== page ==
The 2010 Memorial Day Badger State Boys and Girls readers were:
(left to right) Alex Wiegert, Brad Tischendorf, Ryan Fuss, Katie Hipschman,
Kristin Fuss, Logan Elandt, Jacob Overman
Wisconsin Veterans Home at King
Caring for America’s Heroes
WDVA Secretary’s Column
by Kenneth B. Black
Secretary of the Wisconsin
Department of Veterans Affairs
As We Celebrate in July, Let’s Remember
Our Korean War Veterans
In America, the month of July is known for the Fourth, when fireworks,
parades and gatherings with family and friends all mark the celebration
of Independence Day.
July is less well known as the month of Korean War Armistice Day. In
2009, Governor Jim Doyle signed into law the designation of July 27 of
each year as “Korean War Armistice Day” in observance of the date of
the military armistice agreement that ended the Korean War.
The Korean War is sometimes called the “Forgotten War.” This year,
60 years after the Korean War began, we will remember. We will remember
that over 132,000 Wisconsinites served in the Korean War. We will
remember that this conflict claimed the lives of over 33,600 Americans,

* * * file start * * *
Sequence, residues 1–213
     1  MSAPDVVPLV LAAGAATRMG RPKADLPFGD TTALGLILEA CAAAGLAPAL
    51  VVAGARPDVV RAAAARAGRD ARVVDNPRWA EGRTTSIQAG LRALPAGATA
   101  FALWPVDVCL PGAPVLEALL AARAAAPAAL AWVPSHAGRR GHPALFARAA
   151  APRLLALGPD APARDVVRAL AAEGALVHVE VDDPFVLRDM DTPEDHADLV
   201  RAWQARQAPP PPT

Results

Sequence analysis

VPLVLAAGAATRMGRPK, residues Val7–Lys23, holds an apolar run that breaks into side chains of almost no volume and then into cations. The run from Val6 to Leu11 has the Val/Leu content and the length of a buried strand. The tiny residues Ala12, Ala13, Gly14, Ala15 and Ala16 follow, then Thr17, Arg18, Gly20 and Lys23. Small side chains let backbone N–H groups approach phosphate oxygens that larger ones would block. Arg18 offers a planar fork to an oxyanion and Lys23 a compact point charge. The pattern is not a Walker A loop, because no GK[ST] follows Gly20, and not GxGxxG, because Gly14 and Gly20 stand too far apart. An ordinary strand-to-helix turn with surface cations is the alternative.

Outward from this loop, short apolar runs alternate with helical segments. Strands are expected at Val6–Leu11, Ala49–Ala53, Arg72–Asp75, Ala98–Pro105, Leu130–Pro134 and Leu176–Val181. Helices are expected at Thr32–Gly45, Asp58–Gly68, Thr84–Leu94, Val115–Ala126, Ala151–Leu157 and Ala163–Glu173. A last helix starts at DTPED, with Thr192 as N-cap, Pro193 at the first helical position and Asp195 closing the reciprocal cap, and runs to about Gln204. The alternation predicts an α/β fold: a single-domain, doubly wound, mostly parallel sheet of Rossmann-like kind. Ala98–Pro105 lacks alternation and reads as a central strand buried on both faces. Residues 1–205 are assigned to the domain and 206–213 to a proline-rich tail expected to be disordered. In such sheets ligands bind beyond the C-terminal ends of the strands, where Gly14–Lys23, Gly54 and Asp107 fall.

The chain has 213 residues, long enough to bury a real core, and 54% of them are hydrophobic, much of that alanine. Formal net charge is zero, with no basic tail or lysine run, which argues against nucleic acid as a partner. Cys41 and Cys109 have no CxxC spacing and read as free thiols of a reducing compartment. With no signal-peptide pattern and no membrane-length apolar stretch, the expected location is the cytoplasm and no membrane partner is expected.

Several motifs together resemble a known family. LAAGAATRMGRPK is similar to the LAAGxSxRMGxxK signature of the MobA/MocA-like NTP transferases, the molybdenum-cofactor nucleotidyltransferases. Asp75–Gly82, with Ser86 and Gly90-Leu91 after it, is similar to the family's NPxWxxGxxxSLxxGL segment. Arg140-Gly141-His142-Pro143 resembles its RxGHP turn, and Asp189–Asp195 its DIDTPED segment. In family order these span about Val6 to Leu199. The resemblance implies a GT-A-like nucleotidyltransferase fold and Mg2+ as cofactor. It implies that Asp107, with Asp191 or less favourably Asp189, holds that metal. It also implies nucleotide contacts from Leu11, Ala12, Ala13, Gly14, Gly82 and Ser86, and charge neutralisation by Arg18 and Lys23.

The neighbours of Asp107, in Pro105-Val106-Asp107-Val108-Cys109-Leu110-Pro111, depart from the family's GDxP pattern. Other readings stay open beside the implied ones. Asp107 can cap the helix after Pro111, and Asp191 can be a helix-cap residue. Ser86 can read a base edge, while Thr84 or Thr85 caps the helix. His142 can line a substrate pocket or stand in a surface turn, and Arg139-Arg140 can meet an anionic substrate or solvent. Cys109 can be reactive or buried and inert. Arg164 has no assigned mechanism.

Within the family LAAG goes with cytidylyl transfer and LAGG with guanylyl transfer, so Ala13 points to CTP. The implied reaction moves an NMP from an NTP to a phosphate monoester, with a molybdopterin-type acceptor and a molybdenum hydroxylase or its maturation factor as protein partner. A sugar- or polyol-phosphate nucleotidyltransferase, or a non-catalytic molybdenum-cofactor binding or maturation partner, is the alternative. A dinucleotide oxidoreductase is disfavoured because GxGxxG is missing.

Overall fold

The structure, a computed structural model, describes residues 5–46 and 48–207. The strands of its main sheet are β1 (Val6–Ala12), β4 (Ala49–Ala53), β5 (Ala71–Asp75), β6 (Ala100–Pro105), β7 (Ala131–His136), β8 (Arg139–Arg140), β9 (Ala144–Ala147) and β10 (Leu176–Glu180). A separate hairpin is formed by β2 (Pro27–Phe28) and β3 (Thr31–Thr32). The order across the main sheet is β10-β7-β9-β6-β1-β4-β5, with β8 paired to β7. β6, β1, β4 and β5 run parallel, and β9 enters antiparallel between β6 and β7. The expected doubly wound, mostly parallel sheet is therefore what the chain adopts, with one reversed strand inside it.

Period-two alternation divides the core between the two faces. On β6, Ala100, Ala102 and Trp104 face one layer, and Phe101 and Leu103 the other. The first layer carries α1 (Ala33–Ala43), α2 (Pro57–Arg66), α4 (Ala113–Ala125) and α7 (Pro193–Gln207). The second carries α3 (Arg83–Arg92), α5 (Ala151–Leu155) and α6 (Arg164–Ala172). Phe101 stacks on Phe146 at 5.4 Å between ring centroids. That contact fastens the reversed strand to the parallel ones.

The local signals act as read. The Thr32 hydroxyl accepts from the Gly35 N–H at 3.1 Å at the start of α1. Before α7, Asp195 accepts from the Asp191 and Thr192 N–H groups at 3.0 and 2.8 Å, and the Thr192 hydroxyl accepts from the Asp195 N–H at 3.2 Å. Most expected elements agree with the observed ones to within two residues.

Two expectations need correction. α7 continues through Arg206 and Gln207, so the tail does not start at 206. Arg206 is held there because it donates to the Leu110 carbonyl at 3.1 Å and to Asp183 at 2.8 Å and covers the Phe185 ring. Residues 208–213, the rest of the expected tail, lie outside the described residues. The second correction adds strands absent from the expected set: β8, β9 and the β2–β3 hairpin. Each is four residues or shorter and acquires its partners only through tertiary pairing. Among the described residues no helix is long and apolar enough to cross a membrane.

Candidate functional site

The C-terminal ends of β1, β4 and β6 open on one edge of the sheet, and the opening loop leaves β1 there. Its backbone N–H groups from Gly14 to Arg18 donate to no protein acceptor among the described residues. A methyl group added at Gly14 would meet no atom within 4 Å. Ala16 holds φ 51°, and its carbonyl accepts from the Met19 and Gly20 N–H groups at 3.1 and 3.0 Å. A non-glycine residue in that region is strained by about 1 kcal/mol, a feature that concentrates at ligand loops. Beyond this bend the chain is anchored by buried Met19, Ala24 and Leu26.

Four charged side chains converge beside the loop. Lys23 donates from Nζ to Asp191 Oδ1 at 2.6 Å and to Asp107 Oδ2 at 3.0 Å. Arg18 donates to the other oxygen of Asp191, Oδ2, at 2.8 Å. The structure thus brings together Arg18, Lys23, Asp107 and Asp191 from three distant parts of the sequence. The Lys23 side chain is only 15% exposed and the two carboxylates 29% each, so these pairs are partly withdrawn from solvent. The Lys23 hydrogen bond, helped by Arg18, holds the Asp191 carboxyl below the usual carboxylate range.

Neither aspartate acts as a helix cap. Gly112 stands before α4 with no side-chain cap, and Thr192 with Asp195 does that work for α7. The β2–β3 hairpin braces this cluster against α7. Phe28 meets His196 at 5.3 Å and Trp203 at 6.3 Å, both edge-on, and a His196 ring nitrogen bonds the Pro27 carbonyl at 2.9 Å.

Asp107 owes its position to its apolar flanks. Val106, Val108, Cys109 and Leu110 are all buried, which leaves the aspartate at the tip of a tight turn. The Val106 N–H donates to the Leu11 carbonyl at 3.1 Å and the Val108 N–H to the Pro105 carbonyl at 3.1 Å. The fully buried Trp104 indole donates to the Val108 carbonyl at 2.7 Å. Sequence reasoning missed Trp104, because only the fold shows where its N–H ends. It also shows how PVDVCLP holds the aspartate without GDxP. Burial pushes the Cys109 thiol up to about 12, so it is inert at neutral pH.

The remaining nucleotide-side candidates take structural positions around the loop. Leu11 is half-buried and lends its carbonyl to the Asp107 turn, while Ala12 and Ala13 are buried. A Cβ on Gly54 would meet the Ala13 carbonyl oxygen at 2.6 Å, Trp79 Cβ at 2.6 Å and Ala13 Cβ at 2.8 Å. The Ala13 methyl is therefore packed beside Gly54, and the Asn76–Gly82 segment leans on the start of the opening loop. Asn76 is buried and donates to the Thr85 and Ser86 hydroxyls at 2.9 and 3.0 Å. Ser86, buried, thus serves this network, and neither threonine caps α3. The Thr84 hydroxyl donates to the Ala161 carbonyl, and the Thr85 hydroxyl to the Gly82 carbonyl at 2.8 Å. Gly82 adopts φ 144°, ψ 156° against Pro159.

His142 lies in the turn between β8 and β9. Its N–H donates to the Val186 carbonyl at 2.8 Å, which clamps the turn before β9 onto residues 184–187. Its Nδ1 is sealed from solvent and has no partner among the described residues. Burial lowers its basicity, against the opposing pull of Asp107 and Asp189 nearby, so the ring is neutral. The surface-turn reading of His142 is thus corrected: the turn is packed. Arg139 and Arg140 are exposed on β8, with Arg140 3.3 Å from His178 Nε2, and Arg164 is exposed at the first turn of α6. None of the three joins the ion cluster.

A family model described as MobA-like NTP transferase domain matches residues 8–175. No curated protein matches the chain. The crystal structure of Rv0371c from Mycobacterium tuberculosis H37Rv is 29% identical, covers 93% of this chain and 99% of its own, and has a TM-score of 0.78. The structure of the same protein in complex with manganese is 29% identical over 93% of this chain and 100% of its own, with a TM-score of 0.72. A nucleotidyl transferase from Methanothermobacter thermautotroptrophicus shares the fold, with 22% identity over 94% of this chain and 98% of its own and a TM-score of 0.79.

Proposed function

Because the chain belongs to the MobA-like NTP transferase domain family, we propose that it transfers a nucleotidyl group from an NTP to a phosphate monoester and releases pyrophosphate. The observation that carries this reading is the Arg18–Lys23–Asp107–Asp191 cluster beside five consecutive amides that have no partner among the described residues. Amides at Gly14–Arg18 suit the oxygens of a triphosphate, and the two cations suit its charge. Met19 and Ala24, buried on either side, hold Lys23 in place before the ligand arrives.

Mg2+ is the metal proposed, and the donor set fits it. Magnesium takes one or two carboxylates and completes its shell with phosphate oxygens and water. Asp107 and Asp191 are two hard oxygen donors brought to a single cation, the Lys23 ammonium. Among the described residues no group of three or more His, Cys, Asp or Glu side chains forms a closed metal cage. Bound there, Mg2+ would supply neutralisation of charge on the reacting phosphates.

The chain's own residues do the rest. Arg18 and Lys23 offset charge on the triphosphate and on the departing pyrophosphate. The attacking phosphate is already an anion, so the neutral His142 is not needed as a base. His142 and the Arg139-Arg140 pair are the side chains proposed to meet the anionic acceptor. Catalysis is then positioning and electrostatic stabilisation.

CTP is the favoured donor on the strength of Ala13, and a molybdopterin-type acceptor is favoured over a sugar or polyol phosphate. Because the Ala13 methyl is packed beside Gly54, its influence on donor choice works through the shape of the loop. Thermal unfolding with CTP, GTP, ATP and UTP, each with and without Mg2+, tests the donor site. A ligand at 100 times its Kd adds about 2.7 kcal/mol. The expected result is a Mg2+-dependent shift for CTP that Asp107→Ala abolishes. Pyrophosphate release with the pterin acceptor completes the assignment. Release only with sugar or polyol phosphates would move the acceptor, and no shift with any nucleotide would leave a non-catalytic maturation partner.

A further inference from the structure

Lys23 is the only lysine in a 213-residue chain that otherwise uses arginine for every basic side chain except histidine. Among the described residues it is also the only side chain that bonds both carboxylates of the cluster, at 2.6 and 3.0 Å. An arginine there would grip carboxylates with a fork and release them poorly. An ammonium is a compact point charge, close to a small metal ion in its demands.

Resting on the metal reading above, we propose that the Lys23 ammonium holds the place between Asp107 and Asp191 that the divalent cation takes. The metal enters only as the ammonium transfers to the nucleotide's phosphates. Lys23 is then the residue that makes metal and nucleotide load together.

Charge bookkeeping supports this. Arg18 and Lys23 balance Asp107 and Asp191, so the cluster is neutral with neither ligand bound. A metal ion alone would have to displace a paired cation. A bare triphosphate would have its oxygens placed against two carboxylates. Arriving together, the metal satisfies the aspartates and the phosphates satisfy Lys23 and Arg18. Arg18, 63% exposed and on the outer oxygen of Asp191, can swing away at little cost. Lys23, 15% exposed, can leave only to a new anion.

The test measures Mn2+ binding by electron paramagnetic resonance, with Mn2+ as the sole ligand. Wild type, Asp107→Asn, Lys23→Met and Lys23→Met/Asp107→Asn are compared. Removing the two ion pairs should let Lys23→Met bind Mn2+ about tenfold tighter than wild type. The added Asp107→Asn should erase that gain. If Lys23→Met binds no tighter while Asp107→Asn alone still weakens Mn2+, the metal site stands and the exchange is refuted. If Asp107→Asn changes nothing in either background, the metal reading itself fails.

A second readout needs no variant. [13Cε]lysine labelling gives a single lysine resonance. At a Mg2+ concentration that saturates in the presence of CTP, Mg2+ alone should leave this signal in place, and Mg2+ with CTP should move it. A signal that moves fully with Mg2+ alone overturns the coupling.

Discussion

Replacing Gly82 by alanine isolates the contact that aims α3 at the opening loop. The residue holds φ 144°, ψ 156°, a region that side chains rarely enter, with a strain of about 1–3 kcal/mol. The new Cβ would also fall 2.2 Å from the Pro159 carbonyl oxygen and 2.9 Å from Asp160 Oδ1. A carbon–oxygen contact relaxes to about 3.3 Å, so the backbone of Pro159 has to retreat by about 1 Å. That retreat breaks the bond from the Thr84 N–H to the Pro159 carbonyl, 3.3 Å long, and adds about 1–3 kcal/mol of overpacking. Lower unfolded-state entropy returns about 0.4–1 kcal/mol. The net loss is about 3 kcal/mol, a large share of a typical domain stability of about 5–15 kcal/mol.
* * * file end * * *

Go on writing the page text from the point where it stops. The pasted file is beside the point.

more than 700 from Wisconsin. We will remember that over 7,000
Americans were taken Prisoner of War during the Korean War. Just over
4,400 of them eventually returned and more than 2,700 perished. And
many are still Missing in Action.
There are close to 50,000 Korean War veterans living in Wisconsin
today. Beginning with the 60th commemoration of the beginning of
the Korean War, let us not overlook a single important opportunity to
thank and honor these heroes for their service to our country.
We enjoy freedom and democracy because of the service and sacrifice
of all of our veterans and their families. From the Revolutionary War
for independence through present day conflicts in Iraq and Afghanistan,
America’s military veterans have earned the thanks of a grateful nation.
Therefore, they deserve the best programs and services we can provide.
In our mission to help veterans and their families receive benefits and